Vaccination doesn't work with sheep!!!
Try telling that to Dr Paul Sutmoller, Dr Simon Barteling, Dr Keith Sumption, Professor Fred Brown, Dr Alex Donaldson and others
The Contiguous cull was not illegal
Alayne Addy, Devon Solicitor:
We consulted with a barrister who advised us that the policy of contiguous culling was unlawful in both UK and EU law, she said. The EU directive allows for compulsory culling of all stock on a farm which tests positive for foot and mouth, but not the slaughter of animals on adjoining holdings. Meanwhile, the two pieces of domestic law which Maff had used to defend the culls were incompatible with the EU law, which took precedence.
Stephen Smith QC:
There is no power in the 1981 Act to create a 'firebreak'. The Ministry has power to slaughter only when it (reasonably) believes that the animal in question has been exposed to the fmd infection. The Ministry cannot slaughter just because it considers it would be in the best interests of animals further away if an animal-free corridor were created around an IP. Although not directly relevant to the Upton case, this issue was raised in our skeleton argument but was not commented on by the Ministry. If there had been power to create a firebreak, one would have expected that the Ministry would have been keen to draw our attention to it.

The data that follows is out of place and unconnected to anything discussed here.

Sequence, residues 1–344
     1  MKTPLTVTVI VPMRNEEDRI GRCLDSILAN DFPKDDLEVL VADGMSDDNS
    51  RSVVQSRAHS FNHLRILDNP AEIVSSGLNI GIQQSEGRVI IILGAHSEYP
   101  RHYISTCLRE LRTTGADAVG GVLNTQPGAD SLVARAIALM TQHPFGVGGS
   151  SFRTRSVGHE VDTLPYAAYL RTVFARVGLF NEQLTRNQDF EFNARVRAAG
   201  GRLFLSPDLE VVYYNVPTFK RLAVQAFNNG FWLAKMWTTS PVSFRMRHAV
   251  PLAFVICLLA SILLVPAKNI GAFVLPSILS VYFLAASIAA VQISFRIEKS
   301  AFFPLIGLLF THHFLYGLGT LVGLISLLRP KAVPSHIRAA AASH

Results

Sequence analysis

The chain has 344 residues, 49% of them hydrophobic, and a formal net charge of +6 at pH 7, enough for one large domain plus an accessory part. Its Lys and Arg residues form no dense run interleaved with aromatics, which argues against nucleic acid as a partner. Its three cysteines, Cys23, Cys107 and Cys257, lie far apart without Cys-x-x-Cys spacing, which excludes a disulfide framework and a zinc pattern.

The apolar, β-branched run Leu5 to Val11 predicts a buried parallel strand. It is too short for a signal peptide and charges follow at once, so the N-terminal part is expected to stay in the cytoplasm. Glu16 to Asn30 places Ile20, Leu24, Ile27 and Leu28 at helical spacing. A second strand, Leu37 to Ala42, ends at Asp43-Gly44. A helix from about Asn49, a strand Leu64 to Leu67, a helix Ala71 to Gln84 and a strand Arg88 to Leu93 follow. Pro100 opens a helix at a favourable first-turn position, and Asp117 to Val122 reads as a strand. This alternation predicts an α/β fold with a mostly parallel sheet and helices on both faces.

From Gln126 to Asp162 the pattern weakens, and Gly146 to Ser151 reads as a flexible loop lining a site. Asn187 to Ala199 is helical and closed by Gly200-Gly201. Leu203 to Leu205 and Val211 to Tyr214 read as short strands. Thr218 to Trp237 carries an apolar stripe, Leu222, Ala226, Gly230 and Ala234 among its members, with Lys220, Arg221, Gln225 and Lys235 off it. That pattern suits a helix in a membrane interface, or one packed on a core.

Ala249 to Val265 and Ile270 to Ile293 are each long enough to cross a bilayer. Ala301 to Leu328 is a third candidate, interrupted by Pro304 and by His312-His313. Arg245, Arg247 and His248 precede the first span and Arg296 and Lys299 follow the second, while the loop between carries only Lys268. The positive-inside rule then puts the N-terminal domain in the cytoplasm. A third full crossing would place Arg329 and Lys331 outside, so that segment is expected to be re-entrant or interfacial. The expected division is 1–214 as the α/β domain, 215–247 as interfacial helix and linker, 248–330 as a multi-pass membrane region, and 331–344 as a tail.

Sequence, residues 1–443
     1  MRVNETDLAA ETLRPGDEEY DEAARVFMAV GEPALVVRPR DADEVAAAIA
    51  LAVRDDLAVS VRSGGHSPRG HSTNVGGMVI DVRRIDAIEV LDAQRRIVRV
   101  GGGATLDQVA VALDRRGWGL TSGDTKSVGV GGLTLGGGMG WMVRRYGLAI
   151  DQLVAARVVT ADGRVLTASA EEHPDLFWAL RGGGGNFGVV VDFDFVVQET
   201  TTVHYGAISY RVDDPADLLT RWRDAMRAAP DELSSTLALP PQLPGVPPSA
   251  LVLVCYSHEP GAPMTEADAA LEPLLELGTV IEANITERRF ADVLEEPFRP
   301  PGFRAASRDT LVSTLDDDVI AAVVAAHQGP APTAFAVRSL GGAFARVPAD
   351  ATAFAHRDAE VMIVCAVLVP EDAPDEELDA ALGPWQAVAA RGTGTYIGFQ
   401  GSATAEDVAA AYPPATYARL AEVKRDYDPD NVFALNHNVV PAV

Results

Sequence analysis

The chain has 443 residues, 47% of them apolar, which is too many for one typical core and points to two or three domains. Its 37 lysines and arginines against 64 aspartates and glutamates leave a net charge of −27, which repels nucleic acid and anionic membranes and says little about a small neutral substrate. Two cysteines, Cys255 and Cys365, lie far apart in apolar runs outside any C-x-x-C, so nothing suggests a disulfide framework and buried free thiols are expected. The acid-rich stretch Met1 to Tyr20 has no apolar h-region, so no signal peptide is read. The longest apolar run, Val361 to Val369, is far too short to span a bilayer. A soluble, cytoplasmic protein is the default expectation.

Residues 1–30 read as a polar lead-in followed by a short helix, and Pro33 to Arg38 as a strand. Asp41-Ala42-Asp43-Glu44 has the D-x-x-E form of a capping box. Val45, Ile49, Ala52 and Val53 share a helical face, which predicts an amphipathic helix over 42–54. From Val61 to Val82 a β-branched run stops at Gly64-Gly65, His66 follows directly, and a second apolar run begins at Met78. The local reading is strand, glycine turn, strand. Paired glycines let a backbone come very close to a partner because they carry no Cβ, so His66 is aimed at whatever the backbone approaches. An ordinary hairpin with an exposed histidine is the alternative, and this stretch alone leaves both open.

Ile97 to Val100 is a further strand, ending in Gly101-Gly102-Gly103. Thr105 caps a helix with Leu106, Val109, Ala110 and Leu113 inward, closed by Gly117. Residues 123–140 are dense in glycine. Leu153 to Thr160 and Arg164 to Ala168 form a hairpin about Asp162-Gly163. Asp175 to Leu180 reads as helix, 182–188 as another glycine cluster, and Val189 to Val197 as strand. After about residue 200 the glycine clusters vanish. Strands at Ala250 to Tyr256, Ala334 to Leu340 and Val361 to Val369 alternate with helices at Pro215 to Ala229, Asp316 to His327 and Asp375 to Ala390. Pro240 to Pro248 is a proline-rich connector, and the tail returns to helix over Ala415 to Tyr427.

'The contiguous cull policy was never successfully challenged in the courts'
Oh yes it was! In the majority of cases Maff/Defra backed off before the case went to court. A lot of farmers could not afford the litigation involved, and so were forced into giving up their stock. But Grunty the Pig (involving sheep, not only the pig) was a case where scientific information and EU legislation was taken into account, and the court found in favour of Grunty the Pig. Mr. Justice Harrison ruled that the Department for the Environment, Food and Rural Affairs is not entitled to a court injunction allowing the slaughter to go ahead. "Mr Justice Harrison said that Grunty and 11 prized sheep at the same farm had shown no sign of disease and it was sufficient for them to be monitored. He refused leave to appeal against his decision and awarded the owner, Rosemary Upton, her legal costs, leaving the Government with an estimated bill of £40,000. The judge said that he had been most influenced by "impressive" scientific evidence that even if the animals turned out to be infected, "bearing in mind the number of animals and the distance they are away from neighbouring animals, there would not be a risk". Grunty was nine days into the incubation period with no sign of infection, and there were only five days to go before the maximum period expired. "It seems to me there is much to be said for the alternative of monitoring and blood testing something which Mrs Upton had offered in the first place," he said. "My decision should not be taken to have any wider importance than simply being a decision which relates to the particular circumstances of this case." Mrs Upton had agreed to the slaughter of sheep and cattle on her other smallholdings. Grunty is one of less than 2,000 Maori Kune Kune pigs left in the world."